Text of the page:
16. ^ a b "Arts and human rights organisations denounce arrest of Bangladeshi photographer Shahidul Alam". www.theartnewspaper.com. Retrieved 2018-08-13.
  17. ^ Editorial (8 August 2018). "The Guardian view on Shahidul Alam: Bangladesh should let him go". The Guardian. Retrieved 2018-08-09.
  18. ^ a b Arifur Rahman Rabbi (5 August 2018). "Photographer Shahidul Alam picked up from his home". Dhaka Tribune.
  19. ^ "A Bangladeshi Photographer's Arrest Is a Worrying Sign for Press Freedom". Time. Retrieved 2018-08-08.
  20. ^ a b "Joy: Shahidul Alam's claim of torture, another ill motive against govt". Dhaka Tribune. 2018-08-11. Retrieved 2018-08-14.
  21. ^ "Photographer Shahidul Alam jailed for comments on Bangladeshi government corruption – British Journal of Photography". www.bjp-online.com. Retrieved 2018-08-19.
  22. ^ "Bangladeshi photographer Shahidul Alam detained after post about Dhaka protests". Committee to Protect Journalists. 5 August 2018.
  23. ^ "Journalists condemn abduction of renowned photographer Shahidul Alam". India Today. Retrieved 2018-08-09.
  24. ^ a b c "Pen International campaigner on arrest of acclaimed Bangladeshi photographer Shahidul Alam". Channel 4 News. Retrieved 2018-08-19.
  25. ^ Yasmin Jaffri (August 22, 2018). Humanitarian Ties: Why Shahidul Alam Admired Pak Philanthropist Abdul Sattar Edhi The Wire. Retrieved September 5, 2018.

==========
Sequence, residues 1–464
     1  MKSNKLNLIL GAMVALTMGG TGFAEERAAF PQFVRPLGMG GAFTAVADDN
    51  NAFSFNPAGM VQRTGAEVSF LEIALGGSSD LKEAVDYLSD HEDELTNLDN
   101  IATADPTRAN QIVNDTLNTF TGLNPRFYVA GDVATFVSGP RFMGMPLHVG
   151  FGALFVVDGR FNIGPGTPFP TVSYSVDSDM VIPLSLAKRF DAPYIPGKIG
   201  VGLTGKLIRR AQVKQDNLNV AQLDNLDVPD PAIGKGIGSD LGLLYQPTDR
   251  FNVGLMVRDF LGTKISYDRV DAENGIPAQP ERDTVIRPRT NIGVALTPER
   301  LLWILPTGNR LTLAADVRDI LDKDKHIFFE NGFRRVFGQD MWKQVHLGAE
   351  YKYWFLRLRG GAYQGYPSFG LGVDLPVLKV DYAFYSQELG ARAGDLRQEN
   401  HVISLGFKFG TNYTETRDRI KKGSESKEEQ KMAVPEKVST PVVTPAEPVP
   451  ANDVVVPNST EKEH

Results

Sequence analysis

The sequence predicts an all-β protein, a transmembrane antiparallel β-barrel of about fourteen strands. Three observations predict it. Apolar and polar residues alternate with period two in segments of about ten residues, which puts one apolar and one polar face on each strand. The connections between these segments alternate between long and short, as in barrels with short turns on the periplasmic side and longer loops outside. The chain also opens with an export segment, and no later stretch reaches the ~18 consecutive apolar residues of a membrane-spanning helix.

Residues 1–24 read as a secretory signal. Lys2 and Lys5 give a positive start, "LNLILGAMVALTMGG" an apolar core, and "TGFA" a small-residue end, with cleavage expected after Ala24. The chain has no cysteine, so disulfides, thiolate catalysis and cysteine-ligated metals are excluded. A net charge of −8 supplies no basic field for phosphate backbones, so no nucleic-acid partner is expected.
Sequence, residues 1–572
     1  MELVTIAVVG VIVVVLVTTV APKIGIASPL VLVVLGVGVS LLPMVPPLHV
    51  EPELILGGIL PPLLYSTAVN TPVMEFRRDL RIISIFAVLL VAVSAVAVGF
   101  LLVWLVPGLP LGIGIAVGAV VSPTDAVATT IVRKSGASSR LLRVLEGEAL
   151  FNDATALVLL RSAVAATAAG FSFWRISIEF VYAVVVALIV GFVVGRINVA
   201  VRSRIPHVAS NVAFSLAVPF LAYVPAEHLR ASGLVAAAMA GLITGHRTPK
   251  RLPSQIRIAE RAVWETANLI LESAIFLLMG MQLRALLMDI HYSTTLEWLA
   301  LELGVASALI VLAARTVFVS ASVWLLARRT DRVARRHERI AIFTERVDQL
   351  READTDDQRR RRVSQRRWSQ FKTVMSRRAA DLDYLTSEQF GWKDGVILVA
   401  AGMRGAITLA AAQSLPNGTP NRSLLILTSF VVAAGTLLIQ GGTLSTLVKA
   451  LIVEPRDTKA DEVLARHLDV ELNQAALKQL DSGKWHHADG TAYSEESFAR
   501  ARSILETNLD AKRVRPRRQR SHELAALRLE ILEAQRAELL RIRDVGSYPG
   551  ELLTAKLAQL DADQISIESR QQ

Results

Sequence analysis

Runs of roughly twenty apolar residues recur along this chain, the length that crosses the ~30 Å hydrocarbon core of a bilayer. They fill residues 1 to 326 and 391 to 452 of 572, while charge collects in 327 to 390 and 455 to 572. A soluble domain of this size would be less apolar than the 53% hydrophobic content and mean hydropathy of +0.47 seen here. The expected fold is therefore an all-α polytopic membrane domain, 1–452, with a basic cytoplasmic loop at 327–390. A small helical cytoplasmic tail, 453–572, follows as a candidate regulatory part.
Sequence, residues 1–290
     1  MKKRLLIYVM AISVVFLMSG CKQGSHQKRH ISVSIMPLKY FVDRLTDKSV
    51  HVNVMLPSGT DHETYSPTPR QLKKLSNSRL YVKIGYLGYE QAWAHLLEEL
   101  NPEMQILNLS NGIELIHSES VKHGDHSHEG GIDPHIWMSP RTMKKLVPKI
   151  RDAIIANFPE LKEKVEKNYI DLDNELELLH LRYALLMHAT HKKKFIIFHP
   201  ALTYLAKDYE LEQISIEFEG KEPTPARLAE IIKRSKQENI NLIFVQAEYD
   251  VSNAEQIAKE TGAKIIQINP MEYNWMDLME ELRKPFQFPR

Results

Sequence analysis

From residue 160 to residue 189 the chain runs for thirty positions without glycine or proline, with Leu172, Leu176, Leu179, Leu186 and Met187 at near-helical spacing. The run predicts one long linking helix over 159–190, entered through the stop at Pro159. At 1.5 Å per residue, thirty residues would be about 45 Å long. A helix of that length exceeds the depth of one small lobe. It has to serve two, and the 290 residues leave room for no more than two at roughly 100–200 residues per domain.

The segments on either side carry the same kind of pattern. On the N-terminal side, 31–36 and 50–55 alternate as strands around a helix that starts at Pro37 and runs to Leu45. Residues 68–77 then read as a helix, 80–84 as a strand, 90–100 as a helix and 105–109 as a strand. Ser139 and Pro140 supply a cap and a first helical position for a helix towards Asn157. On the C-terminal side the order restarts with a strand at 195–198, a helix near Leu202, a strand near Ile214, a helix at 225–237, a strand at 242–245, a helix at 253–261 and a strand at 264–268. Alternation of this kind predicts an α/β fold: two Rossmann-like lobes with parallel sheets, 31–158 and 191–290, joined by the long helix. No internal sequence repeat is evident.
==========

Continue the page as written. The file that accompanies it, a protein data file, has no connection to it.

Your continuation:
26. ^ "Bangladesh: Release Mr. Shahidul Alam immediately from arbitrary detention". News Ghana. 8 August 2018. Retrieved 2018-08-09.
  27. ^ https://countercurrents.org/2018/08/09/release-shahidul-alam-immediately-from-arbitrary-detention/
  28. ^ "Statement from Australian academics urging the Government of Bangladesh to free RMIT University Adjunct Professor Dr Shahidul Alam - RMIT University". www.nteu.org.au. Retrieved 26 August 2018.
  29. ^ "Joy questions demand to free photographer Shahidul Alam". Bdnews24. 2018-08-14. Retrieved 2018-08-14.
  30. ^ "Sheikh Hasina's Son Has Exposed the Deceit in the Case Against Shahidul Alam". The Wire. 2018-08-14. Retrieved 2018-08-14.
  31. ^ "Shilpakala Padak 2014 conferred". The Daily Star. 21 February 2015. Retrieved 2018-08-08.
  32. ^ "The Lucie Awards". Lucie Awards. Retrieved 2018-08-08.
  33. ^ "Drik, Pathshala founder Shahidul Alam wins Lucie Award". Dhaka Tribune. 21 June 2018. Retrieved 2018-08-08.
  34. ^ Sun, The Daily. "Shahidul Alam selected for int'l photography award". Daily Sun (Bangladesh). Retrieved 2018-08-08.
  35. ^ "Photographer Shahidul Alam wins Tribute Award from UK". New Age | The Outspoken Daily. 15 October 2018. Retrieved 16 October 2018.

External links[edit]